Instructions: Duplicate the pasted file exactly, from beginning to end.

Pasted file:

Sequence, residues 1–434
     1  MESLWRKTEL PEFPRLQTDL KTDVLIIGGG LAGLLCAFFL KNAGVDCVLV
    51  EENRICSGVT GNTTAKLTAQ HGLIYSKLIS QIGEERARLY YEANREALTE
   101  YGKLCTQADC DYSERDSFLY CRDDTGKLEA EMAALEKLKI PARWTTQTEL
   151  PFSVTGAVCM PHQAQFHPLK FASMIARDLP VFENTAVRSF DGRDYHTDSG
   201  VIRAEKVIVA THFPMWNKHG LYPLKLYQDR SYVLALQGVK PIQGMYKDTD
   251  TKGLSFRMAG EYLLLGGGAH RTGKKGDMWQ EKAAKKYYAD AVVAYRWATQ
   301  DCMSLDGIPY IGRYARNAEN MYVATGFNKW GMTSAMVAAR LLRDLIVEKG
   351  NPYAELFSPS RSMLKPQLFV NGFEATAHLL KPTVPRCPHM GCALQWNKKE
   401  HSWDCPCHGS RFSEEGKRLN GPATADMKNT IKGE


Sequence, residues 1–434
     1  MESLWRKTEL PEFPRLQTDL KTDVLIIGGG LAGLLCAFFL KNAGVDCVLV
    51  EENRICSGVT GNTTAKLTAQ HGLIYSKLIS QIGEERARLY YEANREALTE
   101  YGKLCTQADC DYSERDSFLY CRDDTGKLEA EMAALEKLKI PARWTTQTEL
   151  PFSVTGAVCM PHQAQFHPLK FASMIARDLP VFENTAVRSF DGRDYHTDSG
   201  VIRAEKVIVA THFPMWNKHG LYPLKLYQDR SYVLALQGVK PIQGMYKDTD
   251  TKGLSFRMAG EYLLLGGGAH RTGKKGDMWQ EKAAKKYYAD AVVAYRWATQ
   301  DCMSLDGIPY IGRYARNAEN MYVATGFNKW GMTSAMVAAR LLRDLIVEKG
   351  NPYAELFSPS RSMLKPQLFV NGFEATAHLL KPTVPRCPHM GCALQWNKKE
   401  HSWDCPCHGS RFSEEGKRLN GPATADMKNT IKGE